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Freight Containers (Rail Network)

Volume 540: debated on Thursday 23 February 2012

7. What plans she has to ensure the rail network serving ports can carry modern freight containers. (95954)

Our policy is to continue to develop the strategic freight network to drive UK economic growth and support the expansion of our maritime trade.

I welcome the public investment to upgrade the rail connection from Teesport to the east coast main line by the end of this year. However, there is still no suitable east-west rail crossing for modern containers anywhere between the midlands and Scotland. Will the Minister also address that problem?

The Government have a major programme of improving the capacity of our rail network to take freight, particularly the 9 feet 6 inches high cube containers that are such an important a part of international trade. That is why the railway control period up to 2014 will see about £350 million spent on upgrading the network. A crucial part of that is improving links to ports, for example between Southampton and the west coast line and on the Felixstowe-Nuneaton line. That will provide major benefits on carbon emissions, road safety and relieving congestion on our roads.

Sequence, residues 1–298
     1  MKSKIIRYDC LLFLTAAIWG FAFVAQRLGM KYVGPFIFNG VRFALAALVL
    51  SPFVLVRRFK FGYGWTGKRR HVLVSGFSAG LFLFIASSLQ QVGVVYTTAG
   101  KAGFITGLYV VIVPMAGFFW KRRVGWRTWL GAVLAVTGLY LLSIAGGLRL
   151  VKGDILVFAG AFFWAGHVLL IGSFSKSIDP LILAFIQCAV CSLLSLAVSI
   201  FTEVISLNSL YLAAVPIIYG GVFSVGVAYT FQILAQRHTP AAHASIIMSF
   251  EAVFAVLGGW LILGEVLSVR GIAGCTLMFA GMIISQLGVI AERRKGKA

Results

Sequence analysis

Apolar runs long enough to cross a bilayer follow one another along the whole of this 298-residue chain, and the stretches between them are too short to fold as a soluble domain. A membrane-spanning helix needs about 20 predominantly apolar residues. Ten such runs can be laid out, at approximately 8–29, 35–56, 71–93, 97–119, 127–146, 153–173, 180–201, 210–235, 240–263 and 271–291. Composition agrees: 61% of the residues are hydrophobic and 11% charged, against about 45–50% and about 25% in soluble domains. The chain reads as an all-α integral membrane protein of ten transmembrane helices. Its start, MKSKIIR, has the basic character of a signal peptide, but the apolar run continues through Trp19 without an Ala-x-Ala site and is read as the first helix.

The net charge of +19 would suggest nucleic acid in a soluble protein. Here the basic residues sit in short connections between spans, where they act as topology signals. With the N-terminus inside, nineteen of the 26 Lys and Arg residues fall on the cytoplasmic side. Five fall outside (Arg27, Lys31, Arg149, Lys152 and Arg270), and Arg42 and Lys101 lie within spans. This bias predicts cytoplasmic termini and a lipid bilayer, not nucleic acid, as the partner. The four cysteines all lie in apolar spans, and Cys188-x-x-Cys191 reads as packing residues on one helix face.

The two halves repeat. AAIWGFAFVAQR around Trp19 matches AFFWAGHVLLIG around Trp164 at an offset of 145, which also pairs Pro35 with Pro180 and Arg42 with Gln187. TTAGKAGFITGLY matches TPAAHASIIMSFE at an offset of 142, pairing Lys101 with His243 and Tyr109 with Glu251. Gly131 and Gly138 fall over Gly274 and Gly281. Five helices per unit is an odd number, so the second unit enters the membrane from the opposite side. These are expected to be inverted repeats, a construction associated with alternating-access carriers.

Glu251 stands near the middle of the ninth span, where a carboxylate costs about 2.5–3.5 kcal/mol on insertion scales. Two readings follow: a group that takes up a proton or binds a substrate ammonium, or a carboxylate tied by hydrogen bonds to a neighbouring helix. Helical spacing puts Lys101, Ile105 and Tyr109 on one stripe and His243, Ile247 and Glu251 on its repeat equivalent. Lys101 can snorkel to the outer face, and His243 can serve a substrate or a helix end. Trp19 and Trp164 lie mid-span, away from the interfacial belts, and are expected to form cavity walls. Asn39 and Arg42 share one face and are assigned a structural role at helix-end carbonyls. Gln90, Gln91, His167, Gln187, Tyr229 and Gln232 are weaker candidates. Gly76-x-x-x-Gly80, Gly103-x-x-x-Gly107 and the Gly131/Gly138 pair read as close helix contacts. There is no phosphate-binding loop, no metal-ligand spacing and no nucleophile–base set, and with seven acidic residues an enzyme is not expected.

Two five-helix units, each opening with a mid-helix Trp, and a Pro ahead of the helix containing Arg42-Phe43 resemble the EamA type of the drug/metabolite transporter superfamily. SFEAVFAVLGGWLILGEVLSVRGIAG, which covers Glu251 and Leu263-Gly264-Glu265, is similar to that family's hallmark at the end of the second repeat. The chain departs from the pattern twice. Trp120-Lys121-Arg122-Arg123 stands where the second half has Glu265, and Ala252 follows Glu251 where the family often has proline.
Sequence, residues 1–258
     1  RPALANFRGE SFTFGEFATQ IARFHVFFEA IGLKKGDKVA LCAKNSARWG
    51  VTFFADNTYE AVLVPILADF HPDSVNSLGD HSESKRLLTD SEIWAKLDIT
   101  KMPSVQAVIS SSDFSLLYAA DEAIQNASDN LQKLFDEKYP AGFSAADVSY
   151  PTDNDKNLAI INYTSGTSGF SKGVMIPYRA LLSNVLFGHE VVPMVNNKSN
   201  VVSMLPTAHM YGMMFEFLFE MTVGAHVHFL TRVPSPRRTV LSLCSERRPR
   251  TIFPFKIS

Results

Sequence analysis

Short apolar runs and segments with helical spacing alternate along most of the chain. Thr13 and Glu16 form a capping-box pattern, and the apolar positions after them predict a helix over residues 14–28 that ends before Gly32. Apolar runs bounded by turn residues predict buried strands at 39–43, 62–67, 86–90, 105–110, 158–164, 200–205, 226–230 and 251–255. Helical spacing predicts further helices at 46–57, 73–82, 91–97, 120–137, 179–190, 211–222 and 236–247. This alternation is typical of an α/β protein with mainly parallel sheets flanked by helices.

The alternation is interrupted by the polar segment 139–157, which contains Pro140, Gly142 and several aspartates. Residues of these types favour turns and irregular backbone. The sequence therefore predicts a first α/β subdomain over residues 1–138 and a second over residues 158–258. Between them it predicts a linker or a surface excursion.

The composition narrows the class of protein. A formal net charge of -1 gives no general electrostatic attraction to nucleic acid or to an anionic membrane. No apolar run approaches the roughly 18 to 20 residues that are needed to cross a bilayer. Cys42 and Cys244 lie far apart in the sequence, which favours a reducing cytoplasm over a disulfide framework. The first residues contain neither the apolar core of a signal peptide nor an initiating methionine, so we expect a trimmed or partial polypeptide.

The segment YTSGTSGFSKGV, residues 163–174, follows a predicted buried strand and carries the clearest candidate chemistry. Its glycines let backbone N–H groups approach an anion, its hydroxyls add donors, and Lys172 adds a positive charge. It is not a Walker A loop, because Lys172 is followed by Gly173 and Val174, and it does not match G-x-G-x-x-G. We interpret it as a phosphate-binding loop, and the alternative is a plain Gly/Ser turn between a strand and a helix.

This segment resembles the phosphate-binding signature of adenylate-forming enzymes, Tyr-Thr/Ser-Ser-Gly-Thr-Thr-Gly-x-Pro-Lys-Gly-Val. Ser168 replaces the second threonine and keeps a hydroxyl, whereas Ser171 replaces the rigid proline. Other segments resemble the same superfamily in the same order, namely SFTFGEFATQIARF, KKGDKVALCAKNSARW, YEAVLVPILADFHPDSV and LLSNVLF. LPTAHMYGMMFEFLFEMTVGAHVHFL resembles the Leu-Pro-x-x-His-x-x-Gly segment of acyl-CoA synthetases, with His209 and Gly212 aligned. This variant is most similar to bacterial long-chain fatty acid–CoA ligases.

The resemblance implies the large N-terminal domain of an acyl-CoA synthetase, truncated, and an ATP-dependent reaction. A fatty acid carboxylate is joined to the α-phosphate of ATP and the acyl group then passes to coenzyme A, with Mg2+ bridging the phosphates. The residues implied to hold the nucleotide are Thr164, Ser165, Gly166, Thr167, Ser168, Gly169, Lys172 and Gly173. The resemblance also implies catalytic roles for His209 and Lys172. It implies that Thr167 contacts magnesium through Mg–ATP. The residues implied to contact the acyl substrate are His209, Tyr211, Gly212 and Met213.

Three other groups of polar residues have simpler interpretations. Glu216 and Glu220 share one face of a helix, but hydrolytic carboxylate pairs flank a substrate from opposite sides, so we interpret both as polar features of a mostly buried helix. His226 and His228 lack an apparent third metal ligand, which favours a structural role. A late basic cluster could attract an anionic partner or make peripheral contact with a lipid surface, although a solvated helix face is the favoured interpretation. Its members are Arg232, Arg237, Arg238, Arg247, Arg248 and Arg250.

The hon. Lady will have heard of the proposals being taken forward to improve gauge clearance to Teesport, and we are working on a number of other schemes and projects to improve rail freight connectivity with our major ports. Despite the deficit and the pressing need to reduce spending, our work on the strategic freight network has continued, and we propose to continue it in future.

Has my right hon. Friend had an opportunity to quantify what extra capacity there will be for freight transport on the classic rail network following High Speed 2?

HS2 has done some major studies on that. I do not have the numbers in front of me, but it is clear that one of the major benefits of HS2 will be to free up paths on the existing north-south network for freight, and indeed for other passenger services, relieving the current congestion problems.